Better design and test procedures will lead to much lower maintenance costs than for systems where those precautions have not been taken.
The Internet of Things (IoT) promises a lot. By providing simple sensor and actuator nodes with both local intelligence and access to compute resources spread across the network, it promises to provide the infrastructure not just for smarter systems but systems of systems. Simply by adding new software and compute power, it will be possible to deploy additional services without having to change the things themselves.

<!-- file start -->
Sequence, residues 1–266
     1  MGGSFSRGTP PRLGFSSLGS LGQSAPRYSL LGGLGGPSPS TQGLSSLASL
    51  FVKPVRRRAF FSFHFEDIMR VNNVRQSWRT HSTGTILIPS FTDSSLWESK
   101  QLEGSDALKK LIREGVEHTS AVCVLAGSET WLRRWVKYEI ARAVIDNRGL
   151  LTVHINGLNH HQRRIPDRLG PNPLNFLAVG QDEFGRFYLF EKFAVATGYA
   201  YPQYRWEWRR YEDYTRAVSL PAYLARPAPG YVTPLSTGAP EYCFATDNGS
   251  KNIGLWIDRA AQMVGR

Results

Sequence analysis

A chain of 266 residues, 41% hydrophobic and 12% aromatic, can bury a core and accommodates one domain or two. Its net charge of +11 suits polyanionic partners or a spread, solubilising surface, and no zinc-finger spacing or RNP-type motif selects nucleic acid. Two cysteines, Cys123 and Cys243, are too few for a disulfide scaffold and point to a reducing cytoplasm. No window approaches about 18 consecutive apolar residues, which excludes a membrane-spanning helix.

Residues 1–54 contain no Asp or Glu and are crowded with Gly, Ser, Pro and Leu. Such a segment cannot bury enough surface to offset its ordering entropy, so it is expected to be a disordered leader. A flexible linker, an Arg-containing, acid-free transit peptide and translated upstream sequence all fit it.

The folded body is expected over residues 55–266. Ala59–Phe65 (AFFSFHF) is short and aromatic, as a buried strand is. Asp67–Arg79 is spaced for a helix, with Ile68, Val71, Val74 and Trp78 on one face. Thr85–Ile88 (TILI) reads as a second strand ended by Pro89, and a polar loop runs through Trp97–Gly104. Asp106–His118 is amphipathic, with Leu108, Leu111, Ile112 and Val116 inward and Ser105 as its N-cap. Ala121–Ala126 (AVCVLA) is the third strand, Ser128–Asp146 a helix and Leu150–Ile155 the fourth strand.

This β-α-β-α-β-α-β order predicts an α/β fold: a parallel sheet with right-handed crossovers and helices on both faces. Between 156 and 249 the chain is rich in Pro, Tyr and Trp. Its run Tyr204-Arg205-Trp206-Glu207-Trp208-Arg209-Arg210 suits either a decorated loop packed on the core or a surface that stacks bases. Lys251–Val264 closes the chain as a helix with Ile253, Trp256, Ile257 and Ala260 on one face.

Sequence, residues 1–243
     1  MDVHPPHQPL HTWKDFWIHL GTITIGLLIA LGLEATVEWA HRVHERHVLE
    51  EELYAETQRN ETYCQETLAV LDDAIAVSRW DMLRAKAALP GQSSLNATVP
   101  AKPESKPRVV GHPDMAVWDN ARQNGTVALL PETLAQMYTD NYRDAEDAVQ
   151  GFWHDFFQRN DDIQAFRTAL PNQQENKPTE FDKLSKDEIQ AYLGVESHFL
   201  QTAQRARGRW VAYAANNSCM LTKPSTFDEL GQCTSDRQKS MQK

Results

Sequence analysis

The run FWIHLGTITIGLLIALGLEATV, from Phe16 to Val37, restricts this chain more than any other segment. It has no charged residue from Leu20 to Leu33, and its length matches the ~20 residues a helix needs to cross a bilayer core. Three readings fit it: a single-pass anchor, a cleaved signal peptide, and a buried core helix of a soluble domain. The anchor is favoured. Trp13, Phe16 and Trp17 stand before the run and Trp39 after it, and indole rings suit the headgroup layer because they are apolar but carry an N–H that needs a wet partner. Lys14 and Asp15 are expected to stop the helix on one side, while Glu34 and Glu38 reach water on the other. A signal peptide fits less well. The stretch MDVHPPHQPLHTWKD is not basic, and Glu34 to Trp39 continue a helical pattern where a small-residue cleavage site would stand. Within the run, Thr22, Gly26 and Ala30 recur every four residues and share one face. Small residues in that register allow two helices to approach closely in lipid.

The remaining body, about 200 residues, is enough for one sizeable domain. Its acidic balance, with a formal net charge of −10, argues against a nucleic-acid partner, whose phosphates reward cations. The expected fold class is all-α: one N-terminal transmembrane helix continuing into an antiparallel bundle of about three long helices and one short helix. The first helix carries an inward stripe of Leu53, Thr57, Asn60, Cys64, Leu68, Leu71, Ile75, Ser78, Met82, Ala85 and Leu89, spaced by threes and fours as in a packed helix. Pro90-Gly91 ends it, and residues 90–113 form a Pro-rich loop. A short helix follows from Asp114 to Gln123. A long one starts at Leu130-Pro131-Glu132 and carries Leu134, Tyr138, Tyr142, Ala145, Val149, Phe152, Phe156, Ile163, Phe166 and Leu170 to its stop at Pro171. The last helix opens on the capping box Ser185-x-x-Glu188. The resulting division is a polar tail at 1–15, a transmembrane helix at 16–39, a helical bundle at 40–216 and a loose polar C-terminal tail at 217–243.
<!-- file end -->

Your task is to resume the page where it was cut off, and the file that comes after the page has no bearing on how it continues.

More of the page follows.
But with such power comes a greater responsibility. Week after week of announcements of successful hacks -- an increasing number of which are focused on embedded systems and other things at the edge of the network -- underline how important security is to this new generation of devices. And they need to be able to ensure resilience under other problems, such as failing sensors, applications failing to access them correctly or errors in the data they are passed.
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